Mikey keeps his lips against yours for a few moments, but not too long. When he pulls away you look at each other with wide eyes, although in reality you are mostly innocent.

Mikey stands up. "I love you, Gerard," he says. "I love you. One day you are going to do something so fantastic that the entire world is going to love you too, but for now, until then, you're mine."

You love him too but you don't really know what to say, except for that you love him and you don't think that he's right but you'll try, maybe. And he kisses you again, kisses you hard, and you almost blush or die of shame because it is clear that your little brother has gotten more play than you are ever likely to get, has kissed more strange people than will ever condescend to be kissed by you. And maybe this is kind of like what he can give you, this pretend love, and maybe it's all you're willing to take.

He stops kissing you and doesn't smile but rather frowns and repeats that he loves you in exactly the same cadence he used before so that it sounds like the message left on an answering machine, unchanging for eternity although you doubt that his love will or can last for such a long time. He stands and you feel the weight of his hand on your shoulder, and you hear him say, "You deserve better than you think, Gerard." And he says that he loves you and he leaves.

And you shiver. You are a little frightened but you do not know why. You are not bold and you don't think that you're worth the effort of standing up for. But then you think that that's not the point really and what he's saying is not 'Act like you know your own worth' but rather 'Make yourself worthy of me'. And you love your brother dearly and you do as he says so although you it is pointless, you think as you pull on a tee shirt, and you are not bold you resolve to act like a man, to stand up for yourself, if that's what he wants you to do. Perhaps you never knew it but you always, always wanted your brother to kiss you, and if the price of his affection is a confidence you know you don't have then you must fake it, if that's what he wants. You're his. You will do as he says.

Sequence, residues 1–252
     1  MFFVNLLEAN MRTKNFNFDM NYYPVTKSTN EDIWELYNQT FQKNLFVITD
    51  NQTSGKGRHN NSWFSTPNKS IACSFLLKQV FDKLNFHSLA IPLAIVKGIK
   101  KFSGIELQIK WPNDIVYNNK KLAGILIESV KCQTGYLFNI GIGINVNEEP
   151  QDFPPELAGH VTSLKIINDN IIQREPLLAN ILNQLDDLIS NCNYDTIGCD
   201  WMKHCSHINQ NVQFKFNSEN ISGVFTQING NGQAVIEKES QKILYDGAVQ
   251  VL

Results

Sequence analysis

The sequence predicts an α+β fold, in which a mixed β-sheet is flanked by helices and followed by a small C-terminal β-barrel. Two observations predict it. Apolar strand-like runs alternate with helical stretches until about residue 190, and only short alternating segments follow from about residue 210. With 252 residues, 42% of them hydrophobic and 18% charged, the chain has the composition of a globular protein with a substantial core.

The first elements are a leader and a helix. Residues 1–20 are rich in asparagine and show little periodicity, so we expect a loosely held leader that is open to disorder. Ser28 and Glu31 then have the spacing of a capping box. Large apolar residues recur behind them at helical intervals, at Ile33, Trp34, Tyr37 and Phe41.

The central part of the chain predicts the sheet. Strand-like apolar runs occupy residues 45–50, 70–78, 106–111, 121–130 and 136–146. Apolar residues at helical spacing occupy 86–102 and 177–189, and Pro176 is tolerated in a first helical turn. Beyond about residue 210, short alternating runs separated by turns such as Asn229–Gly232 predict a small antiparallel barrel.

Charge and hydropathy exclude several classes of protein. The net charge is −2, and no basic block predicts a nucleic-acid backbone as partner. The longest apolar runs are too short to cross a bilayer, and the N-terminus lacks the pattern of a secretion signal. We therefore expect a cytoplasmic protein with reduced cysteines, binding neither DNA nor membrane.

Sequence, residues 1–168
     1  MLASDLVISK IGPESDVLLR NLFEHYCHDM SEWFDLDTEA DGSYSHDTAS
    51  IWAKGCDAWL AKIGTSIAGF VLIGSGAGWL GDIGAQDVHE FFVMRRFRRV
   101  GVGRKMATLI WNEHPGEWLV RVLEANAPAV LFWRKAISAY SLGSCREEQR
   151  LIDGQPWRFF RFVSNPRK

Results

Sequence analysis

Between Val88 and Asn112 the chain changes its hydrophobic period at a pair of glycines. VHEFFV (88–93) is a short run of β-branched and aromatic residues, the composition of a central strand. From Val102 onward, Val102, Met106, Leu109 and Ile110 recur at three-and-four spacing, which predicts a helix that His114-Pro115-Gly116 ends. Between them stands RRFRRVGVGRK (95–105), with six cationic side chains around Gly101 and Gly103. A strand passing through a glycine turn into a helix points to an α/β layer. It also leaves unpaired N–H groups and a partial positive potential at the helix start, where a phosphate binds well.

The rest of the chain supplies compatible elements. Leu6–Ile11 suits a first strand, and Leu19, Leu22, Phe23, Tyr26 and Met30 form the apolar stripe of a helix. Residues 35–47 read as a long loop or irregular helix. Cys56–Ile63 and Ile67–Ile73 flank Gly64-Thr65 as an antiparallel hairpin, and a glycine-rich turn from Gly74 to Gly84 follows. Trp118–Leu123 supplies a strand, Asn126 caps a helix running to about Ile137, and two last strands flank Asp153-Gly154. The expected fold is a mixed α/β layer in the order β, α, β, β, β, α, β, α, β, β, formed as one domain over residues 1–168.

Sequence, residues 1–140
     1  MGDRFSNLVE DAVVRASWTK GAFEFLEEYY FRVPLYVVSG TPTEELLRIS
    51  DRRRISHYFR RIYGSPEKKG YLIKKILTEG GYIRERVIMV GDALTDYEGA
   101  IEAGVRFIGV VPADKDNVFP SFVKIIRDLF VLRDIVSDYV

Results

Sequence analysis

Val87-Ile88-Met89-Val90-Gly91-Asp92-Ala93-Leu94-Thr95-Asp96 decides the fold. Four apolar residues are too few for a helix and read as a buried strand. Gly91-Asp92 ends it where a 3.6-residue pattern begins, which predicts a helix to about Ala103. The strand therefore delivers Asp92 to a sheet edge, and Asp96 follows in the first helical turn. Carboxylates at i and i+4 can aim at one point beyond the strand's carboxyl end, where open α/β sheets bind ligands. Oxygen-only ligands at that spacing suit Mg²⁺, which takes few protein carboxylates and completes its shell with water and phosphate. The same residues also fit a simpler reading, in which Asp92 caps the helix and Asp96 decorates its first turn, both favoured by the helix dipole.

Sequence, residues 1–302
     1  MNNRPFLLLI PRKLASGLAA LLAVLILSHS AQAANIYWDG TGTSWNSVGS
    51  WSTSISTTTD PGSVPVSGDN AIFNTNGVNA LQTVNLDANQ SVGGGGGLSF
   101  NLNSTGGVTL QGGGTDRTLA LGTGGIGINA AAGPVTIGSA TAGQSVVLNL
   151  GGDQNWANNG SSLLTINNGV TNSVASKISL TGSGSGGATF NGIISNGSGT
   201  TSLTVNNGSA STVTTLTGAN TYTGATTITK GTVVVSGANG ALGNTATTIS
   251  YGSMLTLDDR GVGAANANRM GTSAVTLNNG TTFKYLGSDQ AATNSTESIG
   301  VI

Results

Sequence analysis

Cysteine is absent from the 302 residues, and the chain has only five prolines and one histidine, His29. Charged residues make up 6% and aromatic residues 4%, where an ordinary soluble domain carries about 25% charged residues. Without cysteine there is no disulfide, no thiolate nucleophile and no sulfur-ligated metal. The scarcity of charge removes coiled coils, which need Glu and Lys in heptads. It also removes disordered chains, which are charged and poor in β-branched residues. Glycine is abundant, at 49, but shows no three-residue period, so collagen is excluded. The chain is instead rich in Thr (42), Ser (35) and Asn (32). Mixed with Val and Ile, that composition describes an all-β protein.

?mychemicalslash (affluence)

~...Ich bekenne mich: Ich liebe dich. Ich hasse dich daf?r...~
5.9.05 22:14

bisher 0 Kommentar(e)     TrackBack-URL

E-Mail bei weiteren Kommentaren
Informationen speichern (Cookie)

Die Datenschuterklärung und die AGB habe ich gelesen, verstanden und akzeptiere sie. (Pflicht Angabe)

 Smileys einfügen

Verantwortlich für die Inhalte ist der Autor. Dein kostenloses Blog bei! Datenschutzerklärung